Saturday, August 16, 2014

Compassion and grace...

It's been an emotional week.

In the BIG world there was Nascar tragedy and the death of Robin Williams; while here in my little world I've been living in the midst of kids and recovering from vacation and trying to parent with grace rather than out of fear or disappointment.

Just when I think I have a handle on this parenting thing, God shows me I'm wrong.  I wonder if I disappointed my parents as much as my kids have disappointed me lately? And worse, I wonder if I disappoint my Heavenly Father as much?

It's been a crazy week.  Last Sunday morning before church, we heard about the accident involving Tony Stewart and Kevin Ward.
I'm not a Nascar fan, but I just felt terrible.  I knew that regardless of the specifics, assigning blame or not, Tony Stewart would never be the same.

I can't say I've been in his shoes exactly, but I know someone who had a similar experience.  Probably more than one "someone," actually.
And if God gave me anything in the gift department, one of them was definitely compassion: the ability to put myself in someone else's situation and imagine how it would feel.

As a child, it was how I could make myself cry on demand.  I would just think of the last bad thing I had heard about, put myself in the shoes of the person it happened to and let the tears come on their own.  It's kind of funny, but isn't that what a lot of actors wish they could do? Cry on demand? I did actually want to be a stage actress at one point.  I'm straying...

By the time we left church last Sunday, the whole Tony Stewart and Kevin Ward debate was so out of control! I have my opinion, and I contemplated writing about it several times this past week, but I'm going to keep my opinion to myself.
What I can say is this, my compassionate nature makes me feel for both families affected by that accident and my prayers have included them many times in the last 6 days.

On Monday, when I saw the news on Facebook that Robin Williams had died of an apparent suicide, I was immediately beside myself with grief and shock.

I didn't know him personally.  I never met him or shook his hand.  As far as I know, I was never within a thousand mile radius of Robin Williams.
Yet, Monday evening, the tremendous sadness I felt was akin to that of losing a close friend or family member.  I felt like I knew him.

But I didn't.  
Not only did I not know him, I had no idea that he'd been living with depression and bi-polar disorder.  I would never have guessed his clowning and comedy might have been a cover-up for his own intense sadness. It really made me wonder who of the people I DO know maybe aren't alright? Do I have friends or family members who cover their sadness or grief with joking and wise cracks? 

I've done it before. Sometimes reality just feels too painful.  Sometimes I just want to be someone else - anyone else - but myself.  I don't feel that way today and, thank God, I haven't felt that way in a long time, but I do know how it feels to feel that way.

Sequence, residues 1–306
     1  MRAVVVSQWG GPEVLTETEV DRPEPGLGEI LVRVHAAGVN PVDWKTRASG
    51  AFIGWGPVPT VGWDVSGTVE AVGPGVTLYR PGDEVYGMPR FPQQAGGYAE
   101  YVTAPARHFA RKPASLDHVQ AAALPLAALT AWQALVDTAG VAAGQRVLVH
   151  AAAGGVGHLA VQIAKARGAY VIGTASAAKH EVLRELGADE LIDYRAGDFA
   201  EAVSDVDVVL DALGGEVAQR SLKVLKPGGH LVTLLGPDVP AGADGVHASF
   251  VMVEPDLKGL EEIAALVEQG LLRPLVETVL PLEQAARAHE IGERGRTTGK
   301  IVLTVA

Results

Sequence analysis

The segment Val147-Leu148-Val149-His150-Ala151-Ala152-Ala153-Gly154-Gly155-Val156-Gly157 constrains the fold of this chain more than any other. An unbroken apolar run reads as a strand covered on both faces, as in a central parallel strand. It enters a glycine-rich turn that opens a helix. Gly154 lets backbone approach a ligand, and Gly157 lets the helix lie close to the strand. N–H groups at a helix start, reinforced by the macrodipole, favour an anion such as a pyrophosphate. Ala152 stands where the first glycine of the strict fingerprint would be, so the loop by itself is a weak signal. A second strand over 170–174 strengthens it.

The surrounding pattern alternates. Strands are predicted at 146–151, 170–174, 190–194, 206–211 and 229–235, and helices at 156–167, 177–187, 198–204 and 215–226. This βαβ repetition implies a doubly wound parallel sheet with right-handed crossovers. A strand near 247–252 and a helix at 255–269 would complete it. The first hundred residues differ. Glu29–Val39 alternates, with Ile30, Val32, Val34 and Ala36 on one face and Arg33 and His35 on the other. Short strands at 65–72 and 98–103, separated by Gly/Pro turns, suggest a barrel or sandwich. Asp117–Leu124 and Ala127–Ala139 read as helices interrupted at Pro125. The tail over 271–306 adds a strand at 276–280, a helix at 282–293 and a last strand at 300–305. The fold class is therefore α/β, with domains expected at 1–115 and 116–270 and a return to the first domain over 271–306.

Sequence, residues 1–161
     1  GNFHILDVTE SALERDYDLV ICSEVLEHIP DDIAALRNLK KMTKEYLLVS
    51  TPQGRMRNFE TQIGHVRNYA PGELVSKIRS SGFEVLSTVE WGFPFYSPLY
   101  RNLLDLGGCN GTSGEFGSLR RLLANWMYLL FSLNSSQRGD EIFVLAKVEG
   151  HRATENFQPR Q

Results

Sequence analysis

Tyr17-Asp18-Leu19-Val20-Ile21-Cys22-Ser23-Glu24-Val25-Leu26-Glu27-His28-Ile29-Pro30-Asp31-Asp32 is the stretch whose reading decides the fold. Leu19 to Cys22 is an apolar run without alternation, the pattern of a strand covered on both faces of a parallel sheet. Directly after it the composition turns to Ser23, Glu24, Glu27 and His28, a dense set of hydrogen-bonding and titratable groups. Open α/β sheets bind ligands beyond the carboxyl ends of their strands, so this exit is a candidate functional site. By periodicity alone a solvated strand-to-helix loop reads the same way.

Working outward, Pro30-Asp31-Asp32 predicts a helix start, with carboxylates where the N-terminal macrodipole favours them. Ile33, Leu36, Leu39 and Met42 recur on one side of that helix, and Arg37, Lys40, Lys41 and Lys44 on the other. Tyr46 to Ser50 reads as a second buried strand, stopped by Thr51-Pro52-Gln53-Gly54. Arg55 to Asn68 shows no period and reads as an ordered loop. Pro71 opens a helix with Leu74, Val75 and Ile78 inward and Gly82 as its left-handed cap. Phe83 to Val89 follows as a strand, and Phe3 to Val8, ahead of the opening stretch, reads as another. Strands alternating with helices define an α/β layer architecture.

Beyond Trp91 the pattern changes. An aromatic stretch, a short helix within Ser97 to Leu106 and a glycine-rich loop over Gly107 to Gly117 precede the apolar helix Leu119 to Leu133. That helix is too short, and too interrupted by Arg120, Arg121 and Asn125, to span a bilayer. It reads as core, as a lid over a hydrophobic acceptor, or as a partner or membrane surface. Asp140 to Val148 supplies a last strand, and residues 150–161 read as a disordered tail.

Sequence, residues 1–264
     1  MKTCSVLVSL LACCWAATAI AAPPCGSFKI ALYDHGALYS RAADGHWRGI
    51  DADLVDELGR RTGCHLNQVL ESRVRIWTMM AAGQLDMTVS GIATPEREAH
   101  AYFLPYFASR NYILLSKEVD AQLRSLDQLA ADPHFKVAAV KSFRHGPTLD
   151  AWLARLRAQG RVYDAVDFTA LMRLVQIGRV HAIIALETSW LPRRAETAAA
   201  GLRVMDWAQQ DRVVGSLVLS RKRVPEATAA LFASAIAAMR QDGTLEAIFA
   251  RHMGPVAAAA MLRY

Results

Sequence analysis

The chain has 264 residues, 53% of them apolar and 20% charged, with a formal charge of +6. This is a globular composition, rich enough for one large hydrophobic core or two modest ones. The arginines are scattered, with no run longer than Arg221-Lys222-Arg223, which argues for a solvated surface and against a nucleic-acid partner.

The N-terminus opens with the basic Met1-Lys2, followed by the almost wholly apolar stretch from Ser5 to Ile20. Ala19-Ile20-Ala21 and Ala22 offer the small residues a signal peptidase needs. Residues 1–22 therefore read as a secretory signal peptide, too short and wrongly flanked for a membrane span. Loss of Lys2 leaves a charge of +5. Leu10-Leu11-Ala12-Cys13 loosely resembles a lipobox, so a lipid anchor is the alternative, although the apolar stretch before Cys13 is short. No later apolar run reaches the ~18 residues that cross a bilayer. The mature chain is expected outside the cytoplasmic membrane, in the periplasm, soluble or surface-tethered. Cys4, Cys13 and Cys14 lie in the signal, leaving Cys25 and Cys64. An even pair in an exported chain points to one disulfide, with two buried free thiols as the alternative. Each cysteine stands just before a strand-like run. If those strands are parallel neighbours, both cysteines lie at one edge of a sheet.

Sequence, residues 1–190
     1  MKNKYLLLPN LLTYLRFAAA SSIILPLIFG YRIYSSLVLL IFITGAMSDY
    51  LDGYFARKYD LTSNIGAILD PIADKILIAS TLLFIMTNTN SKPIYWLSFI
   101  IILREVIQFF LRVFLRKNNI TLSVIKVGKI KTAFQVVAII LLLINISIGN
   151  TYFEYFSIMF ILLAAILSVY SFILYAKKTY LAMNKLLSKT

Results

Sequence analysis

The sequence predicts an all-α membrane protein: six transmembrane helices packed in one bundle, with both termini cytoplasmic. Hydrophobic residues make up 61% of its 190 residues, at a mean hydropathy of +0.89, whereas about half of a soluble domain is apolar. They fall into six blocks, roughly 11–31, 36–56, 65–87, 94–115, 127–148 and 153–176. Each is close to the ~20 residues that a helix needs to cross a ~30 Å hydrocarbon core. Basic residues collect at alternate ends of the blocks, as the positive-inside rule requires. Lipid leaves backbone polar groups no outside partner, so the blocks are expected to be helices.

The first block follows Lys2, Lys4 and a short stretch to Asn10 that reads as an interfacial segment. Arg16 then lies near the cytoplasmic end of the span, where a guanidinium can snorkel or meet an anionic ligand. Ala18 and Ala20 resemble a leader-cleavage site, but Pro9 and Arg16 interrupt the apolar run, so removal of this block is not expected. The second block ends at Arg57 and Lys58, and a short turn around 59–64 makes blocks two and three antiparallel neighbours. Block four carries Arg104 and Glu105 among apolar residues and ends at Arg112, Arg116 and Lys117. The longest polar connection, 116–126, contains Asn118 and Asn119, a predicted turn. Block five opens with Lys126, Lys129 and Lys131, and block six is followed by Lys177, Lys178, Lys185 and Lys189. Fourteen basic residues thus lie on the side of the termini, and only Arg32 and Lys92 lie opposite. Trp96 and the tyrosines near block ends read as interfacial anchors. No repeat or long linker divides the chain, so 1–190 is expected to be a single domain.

And in all my compassionate moments and empathetic instincts, I don't think I have ever confided those feelings to anyone or helped someone through similar feelings.

As I thought deeply about this during the week, I came to the conclusion that it's just another sad fact of our society: we are selfish.  I am selfish.

Even in my desire to help others and to be compassionate, merciful, and grace-giving to others, sometimes I can't see past myself and my own issues long enough to realize someone else is hurting.  And that stinks, because I don't want to be that way. I don't want to miss something important.

I watched a movie tonight.  It wasn't especially good, really, but the underlying message was.  We spend so much time trying to find the perfect spouse - relationship - child - school - job - life - version of ourselves, that we miss out on so much.  We miss out on the here and now.  We miss out on what we already have. The what's-going-on-around-us instead of the past we want to bury and the future that we so fear.

And I don't want to be like that! Do you? 
Do you want to look back, or worse yet, have your kids look back on your life, and remember that you were never present? Never here and able to enjoy just being and breathing and loving?

One of the examples of this that comes to mind for me is pictures.  I have kids {and some other relatives} that LOVE to take pictures.  I mean, really, it's unnatural how much they love to take pictures of people. 
Pictures of me.  
In my pjs.  
With no makeup on and messy hair.

And when it's happening it's easy to get upset and wonder what in the world are they thinking??!! 
But then I realize, do I want my kids to grow up and look at old pictures and see that Mom isn't in any of them? Because she deleted them all? Because she thought they were unflattering?

Of course not! My kids just see their Mom.  They don't differentiate between done-up Mom and just-woke-up Mom.  I'm just Mom.
And they want and need pictures of "just Mom."

This is all a bunch of emotional rambling, I know.  But if one good thing came out of the hardship of this week, it's that I want to focus more on the NOW and less on the THEN.  I don't want to miss out. I don't want to miss the signs if a friend or family member is hurting.  I don't want to miss time with my kids because I'm too stressed over the next "big" thing.
I want to live.  I want to love.  I want to laugh.  And I want to help others do the same. With compassion and grace.

The Lord is gracious, and full of compassion; slow to anger, and of great mercy. Psalm 145:8

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